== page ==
I’m not sure when I created this rule for myself. Obviously swearing was always discouraged at home and school. I do have one memory from my childhood of my younger brother telling my mother that I had said a swear (when I had not actually done so) and getting punished for it. The injustice of the situation was so infuriating, because not only had I not committed the crime in question — I had never sworn at all!

Occasionally I think I should just go into a room an swear my lungs out, just to get over the hurdle. I honestly don’t know why I haven’t done that.

[For completeness, most of the situations where I swore came at times when I was inadvertently (as in, without thinking) parroting something that someone near me said.]

 
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Posted by on February 25, 2008 in Garbage In, Garbage Out

 

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Blogging as a Way to Think

A few days ago I wrote about some blogging tips I had gleaned from a talk by Ancient Wisdom Productions. I alluded to what some of my reasons for blogging have been, though that wasn’t exactly the reason for the post.

Today I saw a video of Clive Thompson talking about why he blogs (link via Baxt), and I think I have a lot in common with his motivation. As Clive explains:

I do it to sort of record stuff that I’m interested in, that I see, what I think about it. It helps me like literally think ideas out… I know [a concept] intrigues me, I don’t know why. As I write the blog entry, I literally develop the thoughts. So it’s a way of developing my thoughts, and recording them, so that you know, months later, I can look back and remember, and re-experience the stuff that I was interested in.

The focus of the interview was science and technology blogging, but I think the same reasons are broadly applicable. He also touches on the important aspect of user feedback, and reminds us that if you don’t want to blog, you don’t have to.

 
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Posted by on February 22, 2008 in Alchemy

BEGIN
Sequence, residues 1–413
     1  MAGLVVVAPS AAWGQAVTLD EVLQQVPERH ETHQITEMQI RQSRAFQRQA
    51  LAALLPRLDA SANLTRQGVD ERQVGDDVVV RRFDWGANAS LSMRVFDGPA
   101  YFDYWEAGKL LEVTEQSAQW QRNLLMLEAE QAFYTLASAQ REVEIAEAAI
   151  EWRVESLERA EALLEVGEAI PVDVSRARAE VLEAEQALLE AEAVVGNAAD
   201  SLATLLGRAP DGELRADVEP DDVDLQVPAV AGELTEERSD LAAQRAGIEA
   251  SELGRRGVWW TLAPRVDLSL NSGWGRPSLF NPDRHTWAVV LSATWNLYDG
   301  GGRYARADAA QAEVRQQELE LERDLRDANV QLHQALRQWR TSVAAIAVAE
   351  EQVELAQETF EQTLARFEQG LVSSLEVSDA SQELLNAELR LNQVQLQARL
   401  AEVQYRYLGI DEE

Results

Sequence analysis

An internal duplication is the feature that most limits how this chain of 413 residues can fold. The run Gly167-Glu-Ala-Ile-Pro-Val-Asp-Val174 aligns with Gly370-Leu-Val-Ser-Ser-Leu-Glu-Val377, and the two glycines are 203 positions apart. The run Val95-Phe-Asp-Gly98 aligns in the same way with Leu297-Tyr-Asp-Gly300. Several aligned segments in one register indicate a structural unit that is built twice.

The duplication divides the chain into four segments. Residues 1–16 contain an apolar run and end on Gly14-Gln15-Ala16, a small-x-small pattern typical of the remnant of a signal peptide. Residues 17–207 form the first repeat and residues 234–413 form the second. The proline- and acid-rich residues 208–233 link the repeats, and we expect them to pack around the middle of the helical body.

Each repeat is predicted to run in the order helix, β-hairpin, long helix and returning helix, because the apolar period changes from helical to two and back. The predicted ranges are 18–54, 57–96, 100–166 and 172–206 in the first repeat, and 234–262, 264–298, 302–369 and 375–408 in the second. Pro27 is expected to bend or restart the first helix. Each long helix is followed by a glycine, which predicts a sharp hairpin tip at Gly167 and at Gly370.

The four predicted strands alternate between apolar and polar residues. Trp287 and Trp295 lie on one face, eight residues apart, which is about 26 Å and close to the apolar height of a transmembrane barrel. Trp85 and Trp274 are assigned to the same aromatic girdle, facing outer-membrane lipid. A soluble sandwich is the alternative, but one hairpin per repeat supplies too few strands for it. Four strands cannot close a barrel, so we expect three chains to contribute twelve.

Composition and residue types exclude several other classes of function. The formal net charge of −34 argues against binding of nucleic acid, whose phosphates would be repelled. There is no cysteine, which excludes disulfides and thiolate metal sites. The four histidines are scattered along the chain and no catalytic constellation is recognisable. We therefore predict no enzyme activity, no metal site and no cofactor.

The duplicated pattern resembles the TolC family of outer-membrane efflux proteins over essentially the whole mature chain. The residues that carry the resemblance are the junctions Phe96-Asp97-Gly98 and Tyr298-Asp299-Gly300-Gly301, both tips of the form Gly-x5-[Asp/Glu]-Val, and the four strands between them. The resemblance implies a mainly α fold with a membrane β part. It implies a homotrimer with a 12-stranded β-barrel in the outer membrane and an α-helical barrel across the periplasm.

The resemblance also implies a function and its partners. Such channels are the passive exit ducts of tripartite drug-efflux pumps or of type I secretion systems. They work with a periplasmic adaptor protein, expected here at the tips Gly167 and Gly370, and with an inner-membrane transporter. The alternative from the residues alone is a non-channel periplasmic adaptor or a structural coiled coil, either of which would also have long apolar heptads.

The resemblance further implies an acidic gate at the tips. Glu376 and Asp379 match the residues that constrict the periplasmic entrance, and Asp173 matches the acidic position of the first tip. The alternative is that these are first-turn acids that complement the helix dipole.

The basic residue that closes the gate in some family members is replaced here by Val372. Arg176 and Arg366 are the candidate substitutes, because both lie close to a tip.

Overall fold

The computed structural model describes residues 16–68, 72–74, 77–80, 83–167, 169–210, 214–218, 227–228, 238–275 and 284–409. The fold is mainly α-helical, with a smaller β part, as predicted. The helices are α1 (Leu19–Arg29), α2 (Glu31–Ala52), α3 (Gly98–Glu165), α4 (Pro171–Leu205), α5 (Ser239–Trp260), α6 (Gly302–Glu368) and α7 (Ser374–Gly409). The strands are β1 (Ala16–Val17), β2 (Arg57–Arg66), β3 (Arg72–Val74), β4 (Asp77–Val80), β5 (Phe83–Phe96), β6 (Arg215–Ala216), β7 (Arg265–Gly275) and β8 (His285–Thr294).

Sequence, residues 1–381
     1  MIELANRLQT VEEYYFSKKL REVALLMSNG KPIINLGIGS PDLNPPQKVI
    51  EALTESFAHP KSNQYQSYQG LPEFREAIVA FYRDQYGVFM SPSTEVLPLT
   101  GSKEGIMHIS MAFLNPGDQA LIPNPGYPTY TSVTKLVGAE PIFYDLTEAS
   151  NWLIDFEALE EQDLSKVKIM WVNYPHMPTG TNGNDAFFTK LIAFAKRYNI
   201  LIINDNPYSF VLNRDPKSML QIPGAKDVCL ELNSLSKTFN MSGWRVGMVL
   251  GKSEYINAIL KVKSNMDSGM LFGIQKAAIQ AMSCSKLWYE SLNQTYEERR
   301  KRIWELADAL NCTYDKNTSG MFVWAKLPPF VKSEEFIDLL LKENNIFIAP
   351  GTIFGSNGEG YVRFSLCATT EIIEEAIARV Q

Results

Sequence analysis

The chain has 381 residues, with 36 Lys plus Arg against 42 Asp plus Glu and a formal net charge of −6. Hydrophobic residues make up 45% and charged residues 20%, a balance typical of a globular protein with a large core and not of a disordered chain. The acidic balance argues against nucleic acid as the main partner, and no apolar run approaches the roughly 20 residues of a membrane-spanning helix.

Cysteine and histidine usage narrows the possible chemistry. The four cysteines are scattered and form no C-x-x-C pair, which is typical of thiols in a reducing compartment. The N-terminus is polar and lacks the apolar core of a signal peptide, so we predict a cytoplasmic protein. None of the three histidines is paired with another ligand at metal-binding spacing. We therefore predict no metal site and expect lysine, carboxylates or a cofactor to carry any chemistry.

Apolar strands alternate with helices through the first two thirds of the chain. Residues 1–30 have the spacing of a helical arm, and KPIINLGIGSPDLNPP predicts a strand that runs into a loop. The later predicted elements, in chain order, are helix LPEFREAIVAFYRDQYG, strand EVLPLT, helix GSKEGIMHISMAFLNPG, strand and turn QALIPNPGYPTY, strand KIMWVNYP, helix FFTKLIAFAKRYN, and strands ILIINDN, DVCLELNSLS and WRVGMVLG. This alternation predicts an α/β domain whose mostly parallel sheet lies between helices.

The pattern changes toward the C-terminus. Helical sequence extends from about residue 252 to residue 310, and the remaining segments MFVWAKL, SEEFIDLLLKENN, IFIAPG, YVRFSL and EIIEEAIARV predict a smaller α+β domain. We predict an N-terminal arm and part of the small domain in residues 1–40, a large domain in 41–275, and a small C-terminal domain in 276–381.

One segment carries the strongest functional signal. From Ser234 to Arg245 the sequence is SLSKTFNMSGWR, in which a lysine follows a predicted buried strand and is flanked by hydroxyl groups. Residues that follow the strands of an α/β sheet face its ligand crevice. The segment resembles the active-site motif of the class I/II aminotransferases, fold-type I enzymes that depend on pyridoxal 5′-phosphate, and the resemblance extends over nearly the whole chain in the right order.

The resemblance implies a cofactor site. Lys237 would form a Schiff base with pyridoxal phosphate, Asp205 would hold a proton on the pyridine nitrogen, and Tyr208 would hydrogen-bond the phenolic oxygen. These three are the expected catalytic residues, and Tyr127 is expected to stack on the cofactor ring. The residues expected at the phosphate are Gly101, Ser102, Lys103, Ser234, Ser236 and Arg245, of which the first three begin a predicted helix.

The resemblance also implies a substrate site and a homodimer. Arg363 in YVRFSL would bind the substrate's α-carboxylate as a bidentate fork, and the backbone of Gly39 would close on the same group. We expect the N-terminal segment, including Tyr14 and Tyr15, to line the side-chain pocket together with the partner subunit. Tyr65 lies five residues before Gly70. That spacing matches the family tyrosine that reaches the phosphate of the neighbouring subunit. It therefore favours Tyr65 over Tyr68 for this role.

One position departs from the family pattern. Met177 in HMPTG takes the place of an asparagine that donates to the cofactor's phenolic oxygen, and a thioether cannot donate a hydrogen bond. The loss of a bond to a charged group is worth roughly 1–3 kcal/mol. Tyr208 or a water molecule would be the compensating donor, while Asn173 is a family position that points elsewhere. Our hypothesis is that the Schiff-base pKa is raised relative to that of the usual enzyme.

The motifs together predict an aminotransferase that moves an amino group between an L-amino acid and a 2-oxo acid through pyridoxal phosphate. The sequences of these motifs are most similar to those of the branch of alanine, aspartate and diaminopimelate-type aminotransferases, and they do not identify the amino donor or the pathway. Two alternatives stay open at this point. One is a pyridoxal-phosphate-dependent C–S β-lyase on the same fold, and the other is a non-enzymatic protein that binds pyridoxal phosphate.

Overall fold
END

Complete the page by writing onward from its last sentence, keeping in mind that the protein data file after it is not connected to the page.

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Filing System for Research Papers

The Inbox Zero Google Talk recently inspired me to get my research life organized. E-mail organization was a logical place to start, and my desire to try to keep a low number of messages in my e-mail inbox was easily adaptable to the “process down to zero” method promoted by Inbox Zero.

Now I’ve moved on to research papers. For the last several years, I have collected papers in various places (PDFs in a references file, printouts all over the place). When I actually need to organize these for some reason (i.e., to write a paper), I typically go and download all the citations into either Endnote or Jabref, and then assign each paper a unique 5-digit ID number. Then, I put that ID number in the ‘label’ field in Endnote, and keep the PDFs and papers sorted by ID number in my computer and/or filing cabinet.

This system is great for finding things fast, as long as I know what I’m looking for. However, if I want a number of papers on a particular topic (let’s say, ‘synthetic biology’), I either need to do some searching within Endnote (which can be hit-or-miss), or I have to know by memory who wrote the papers on a particular topic, search for those authors in Endnote, and then retrieve the papers by their 5-digit ID number (my memory doesn’t do well at this).

In the end, I duplicate a lot of effort in finding papers that I’ve already “found”.

I’ve done a bit of googling on this topic, but nothing convincing has come up. The best resource I’ve found was at Ask Metafilter, and it’s pretty weak. Some of the possibilities I’m considering are:

  • File by category – This works well for quickly finding a set of papers on a particular topic, but it can fail when one paper belongs in multiple categories (either you won’t find it in the folder where you think it should be, or you will have multiple copies of papers in your file).
  • File by author – This has a lot of the same drawbacks as filing by ID number, but the added advantage of forcing you to think more about who writes what, and becoming more familiar with their names.
  • File everything electronically – This scares me, because I still prefer reading papers on paper. However, it would greatly simplify the storage and searching process. How bad is it for the environment if I just print a paper every time I need to see it?

If you are faced with the same problem, or a similar one, I’m curious to hear how you handle it. I know no system will work for everyone, but I’d love to try something that simplifies and streamlines the process. I’m also interested in comments about particular software or processing steps that you like.

 
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Posted by on February 21, 2008 in Alchemy

 

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kk houz winz

My first lolcat, created as part of the icanhazcheezburger poker cats contest (link below):

crazy, funny pix

For details, see the online Poker Cats Contest. Also see the blog of the contest creator.

I think this means I’ve finally accepted Web 2.0… and lost my last shred of dignity.

 
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Posted by on February 20, 2008 in Entertainment